Miguel Ángel Asturias
Now that I am pretty much decided on Guatemala as my next vacation destination, I will add at least two or three more Asturias novels to the ones I have already read. To date, I have finished:
- El Señor Presidente (1946), his most famous novel
- Men of Maize (1949)
- Strong Wind (1950), the first volume of the United Fruit Company trilogy
- Mulata (1963)
I plan to finish the other two volumes in the trilogy—The Green Pope (1954) and The Eyes of the Interred (1960)—both of which were translated by Gregory Rabassa, one of my favorite translators from the Spanish.
Although Asturias is so identified with the Maya, it is interesting to note that he comes from a well-to-do Creole family that could trace its origins back to 1660.
Arco de Santa Catalina and Agua Volcano in Background
If asked what is the capital of Guatemala, it is best to turn your answer into another question: At what point in history? Today, Guatemala City is the capital of Guatemala. In 1524, Pedro de Alvarado founded the Ciudad de Santiago de los Caballeros de Goathemalon [sic], near the present town of Iximche. After a Kaqchikel Maya uprising in 1527, the capital was moved to Ciudad Vieja and retained the same name as the original. In 1541, that city was destroyed by a gigantic mudflow from the Volcano de Agua (illustrated above). Two years later, the capital was moved five miles to the Panchoy Valley to the present city of Antigua Guatemala.
In the 18th century, earthquakes and volcanic eruptions caused one final move, to the capital’s present location. That does not mean that the city of Antigua Guatemala, despite all the ruined churches, is not one of the most popular tourist destinations in the country. In fact, when I go to Guatemala for my vacation, I will take a shuttle directly from the airport to Antigua, about 45 minutes away.
Guatemala City has a reputation of being a big, ugly city with a couple of good museums, but otherwise devoid of major tourist attractions. So, I will base myself in Antigua.
Intact Façade of Nuestra Señora de Merced, Otherwise in Ruins
With Antigua serving as a kind of tourist ghetto, there are a multitude of private shuttles to major tourist destinations—all originating in Antigua. One can treat the town as if it were the capital except for one thing: The airport is in Guatemala City. As Guate, as it is called, is the largest city in Central America, I think it would be more restful to base myself in a well-connected town with a population of only about 50,000.
Postcard View with Brazilian Scenery by Tarsila do Amarol (1886-1973)
As you may or may not know, I am fundamentally opposed to non-representational painting. Abstract expressionism leaves me cold and even slightly hostile. I don’t even like Pablo Picasso. When I was in Paris last time, I deliberately decided not to visit the Picasso Museum even though I was in the neighborhood between Les Halles and the Bastille, where it is located.
So when I heard of a Brazilian painter who has been called the Picasso of Brazil, I was less than impressed—until I saw some of her works. I was suddenly reminded of Xul Solar, the Argentinean painter whose work was much loved by Jorge Luis Borges (before he became blind, of course). Tarsila de Amaral calls herself simply Tarsila. There is a n exhibit of her works opening at the Museum of Modern Art (MOMA) in New York City.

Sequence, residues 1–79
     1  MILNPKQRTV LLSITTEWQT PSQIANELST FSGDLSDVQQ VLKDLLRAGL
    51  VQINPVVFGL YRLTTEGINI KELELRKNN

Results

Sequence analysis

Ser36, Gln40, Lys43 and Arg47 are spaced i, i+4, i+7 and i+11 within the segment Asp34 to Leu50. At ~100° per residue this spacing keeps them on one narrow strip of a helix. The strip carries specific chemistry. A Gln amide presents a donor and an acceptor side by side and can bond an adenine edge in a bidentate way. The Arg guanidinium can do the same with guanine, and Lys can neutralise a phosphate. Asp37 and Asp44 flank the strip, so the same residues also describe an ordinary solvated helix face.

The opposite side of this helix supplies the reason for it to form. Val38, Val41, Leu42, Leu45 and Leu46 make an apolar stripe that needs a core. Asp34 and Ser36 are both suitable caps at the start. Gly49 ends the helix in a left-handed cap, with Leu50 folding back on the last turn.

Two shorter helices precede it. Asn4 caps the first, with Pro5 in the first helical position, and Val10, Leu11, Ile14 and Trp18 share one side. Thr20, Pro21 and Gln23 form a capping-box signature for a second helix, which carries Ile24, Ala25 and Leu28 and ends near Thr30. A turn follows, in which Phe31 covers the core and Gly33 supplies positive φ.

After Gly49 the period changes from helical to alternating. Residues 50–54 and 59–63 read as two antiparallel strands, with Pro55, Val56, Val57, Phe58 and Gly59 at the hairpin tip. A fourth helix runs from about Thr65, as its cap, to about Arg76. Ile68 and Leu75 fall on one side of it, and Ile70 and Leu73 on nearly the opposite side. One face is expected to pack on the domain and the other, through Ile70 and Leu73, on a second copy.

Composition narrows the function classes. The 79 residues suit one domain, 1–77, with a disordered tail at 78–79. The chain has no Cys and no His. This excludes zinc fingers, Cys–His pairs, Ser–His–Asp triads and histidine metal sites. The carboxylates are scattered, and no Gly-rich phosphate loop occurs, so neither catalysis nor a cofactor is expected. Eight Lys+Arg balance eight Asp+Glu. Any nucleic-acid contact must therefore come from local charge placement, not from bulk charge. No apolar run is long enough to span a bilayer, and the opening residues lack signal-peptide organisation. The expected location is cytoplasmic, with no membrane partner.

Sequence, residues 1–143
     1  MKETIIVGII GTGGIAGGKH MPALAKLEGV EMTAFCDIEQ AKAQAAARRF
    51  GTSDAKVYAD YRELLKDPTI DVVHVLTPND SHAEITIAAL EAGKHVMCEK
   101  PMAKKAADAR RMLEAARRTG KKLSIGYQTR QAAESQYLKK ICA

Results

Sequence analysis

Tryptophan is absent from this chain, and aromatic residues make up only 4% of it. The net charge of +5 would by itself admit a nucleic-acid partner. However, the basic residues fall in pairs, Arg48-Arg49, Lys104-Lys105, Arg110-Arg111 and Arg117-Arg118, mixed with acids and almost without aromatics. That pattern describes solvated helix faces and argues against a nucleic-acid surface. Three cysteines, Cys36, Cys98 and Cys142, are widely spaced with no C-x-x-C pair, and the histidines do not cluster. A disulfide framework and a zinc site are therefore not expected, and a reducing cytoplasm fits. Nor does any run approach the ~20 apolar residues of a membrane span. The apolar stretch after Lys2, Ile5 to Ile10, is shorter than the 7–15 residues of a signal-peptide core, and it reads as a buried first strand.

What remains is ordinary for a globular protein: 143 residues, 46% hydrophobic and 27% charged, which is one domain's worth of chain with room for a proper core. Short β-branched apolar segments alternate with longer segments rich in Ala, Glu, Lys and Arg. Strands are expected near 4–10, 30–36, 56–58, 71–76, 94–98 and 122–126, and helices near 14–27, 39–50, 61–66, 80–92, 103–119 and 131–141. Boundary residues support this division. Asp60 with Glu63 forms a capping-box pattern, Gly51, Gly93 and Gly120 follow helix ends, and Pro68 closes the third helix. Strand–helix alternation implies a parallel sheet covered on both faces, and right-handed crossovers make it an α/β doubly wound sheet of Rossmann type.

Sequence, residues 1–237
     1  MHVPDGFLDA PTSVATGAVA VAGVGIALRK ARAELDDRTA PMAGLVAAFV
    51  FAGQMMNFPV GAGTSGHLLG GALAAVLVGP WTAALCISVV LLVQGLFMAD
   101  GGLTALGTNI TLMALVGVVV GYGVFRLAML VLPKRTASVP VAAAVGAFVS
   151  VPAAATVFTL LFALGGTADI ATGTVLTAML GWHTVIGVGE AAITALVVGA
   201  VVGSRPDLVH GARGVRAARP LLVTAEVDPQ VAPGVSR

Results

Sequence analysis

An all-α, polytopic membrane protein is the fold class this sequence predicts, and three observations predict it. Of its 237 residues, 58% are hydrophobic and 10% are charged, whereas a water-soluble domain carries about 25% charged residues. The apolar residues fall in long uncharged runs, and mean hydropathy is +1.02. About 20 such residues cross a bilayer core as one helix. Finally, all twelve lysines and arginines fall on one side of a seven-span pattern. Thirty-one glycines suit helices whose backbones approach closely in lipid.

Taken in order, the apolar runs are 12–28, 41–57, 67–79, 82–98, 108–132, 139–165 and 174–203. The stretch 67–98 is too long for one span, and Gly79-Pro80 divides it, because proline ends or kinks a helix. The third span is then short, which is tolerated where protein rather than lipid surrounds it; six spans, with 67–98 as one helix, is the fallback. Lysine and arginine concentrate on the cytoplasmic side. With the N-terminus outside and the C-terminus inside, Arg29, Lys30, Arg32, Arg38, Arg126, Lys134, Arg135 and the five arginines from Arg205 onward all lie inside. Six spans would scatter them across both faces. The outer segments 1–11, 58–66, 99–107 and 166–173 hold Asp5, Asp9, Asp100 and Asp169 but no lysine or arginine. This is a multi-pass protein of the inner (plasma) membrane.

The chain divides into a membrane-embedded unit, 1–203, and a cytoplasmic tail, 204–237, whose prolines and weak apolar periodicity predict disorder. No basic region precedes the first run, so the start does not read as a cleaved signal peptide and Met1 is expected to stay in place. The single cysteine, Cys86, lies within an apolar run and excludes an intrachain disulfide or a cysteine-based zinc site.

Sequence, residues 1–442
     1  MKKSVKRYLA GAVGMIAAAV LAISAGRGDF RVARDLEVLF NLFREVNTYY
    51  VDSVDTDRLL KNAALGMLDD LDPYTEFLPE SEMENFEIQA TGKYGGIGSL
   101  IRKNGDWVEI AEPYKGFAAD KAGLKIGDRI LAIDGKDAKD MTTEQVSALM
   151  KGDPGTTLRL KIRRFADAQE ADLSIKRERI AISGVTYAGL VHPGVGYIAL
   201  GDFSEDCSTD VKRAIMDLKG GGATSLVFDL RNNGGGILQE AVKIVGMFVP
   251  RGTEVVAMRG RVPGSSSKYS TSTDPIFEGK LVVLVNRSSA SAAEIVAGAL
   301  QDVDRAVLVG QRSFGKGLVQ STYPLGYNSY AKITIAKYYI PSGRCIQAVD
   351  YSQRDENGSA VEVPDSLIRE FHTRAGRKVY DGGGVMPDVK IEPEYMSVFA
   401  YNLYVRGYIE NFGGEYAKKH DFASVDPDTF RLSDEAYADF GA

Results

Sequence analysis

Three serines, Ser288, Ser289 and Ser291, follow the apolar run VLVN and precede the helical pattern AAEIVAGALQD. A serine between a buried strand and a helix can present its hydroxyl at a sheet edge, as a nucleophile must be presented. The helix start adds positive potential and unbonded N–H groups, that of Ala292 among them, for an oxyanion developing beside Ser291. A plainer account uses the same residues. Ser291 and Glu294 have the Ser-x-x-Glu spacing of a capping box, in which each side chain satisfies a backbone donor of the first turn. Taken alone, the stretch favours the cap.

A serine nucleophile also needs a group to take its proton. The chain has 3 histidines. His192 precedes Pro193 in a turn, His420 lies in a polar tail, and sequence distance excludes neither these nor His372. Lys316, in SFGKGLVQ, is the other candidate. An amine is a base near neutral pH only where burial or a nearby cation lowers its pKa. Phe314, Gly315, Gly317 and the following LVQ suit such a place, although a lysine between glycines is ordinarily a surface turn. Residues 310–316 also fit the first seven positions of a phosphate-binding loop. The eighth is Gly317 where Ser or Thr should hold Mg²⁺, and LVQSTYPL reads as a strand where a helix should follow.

“Brazilian Religion” (1927)
If you want to see a representative selection of her paintings, click on WikiArt’s website about her. Included there is her self-portrait (see below). Tarsila becomes one of a select group of Latin American artists of the 20th century whose work I think ranks with the best of American painting during that period, and in many cases surpasses it: Fernando Botero of Colombia; Benito Quinquela Martin and Xul Solar of Argentina; and Frida Kahlo, José Clemente Orozco, Diego Rivera, and David Alfaro Siqueiros of Mexico.
“Self Portrait” (n.d.)
Poster for The Death of Stalin (2018)
In my retirement, I have been seeing more current films than I usually do. Today, I went in the rain to see Armando Iannucci’s dark comedy of the transfer of power in the Soviet Union when Stalin suddenly died in 1953. Predictably, the movie was banned in Russia and several other of the former Soviet Socialist Republics. In fact, I think that in many instances the truth was stretched a bit to make a better film.
Steve Buscemi plays an ambitious Nikita Khrushchev; Jeffrey Tambor, a delightfully cowardly Georgy Malenkov; Simon Russell Beale, an incredibly evil State Security chief Lavrenti Beria; and Michael Palin, an indecisive Vyacheslav Molotov. The actor who practically runs away with the show is Jason Isaacs, playing Marshal Zhukov, who is the only member of the government who is willing to take on Beria.
Jason Isaacs as Marshal Zhukov
One of the weaknesses of the Soviet Union was that the fearless leaders were too fearful to arrange for a peaceful transition of power after their deaths. In fact, according to Simon Sebag Montefiore in his book The Court of the Red Tsar (2003), Stalin’s sudden death caused a such a crisis, so that the staff in his dacha were afraid to confront the body for fear that it meant some sort of trick that would lead them to execution or a gulag.
Georgy Malenkov is initially selected to rule because of his rank in the Politburo, but his cowardice is such that, by the end, Khrushchev is holding the reins of power.
This film is loaded with violence. Beria’s NKVD carry out executions using their sidearms with alarming regularity. There are at least several score of these executions taking place during the film.
So far, this is the best film I have seen this year.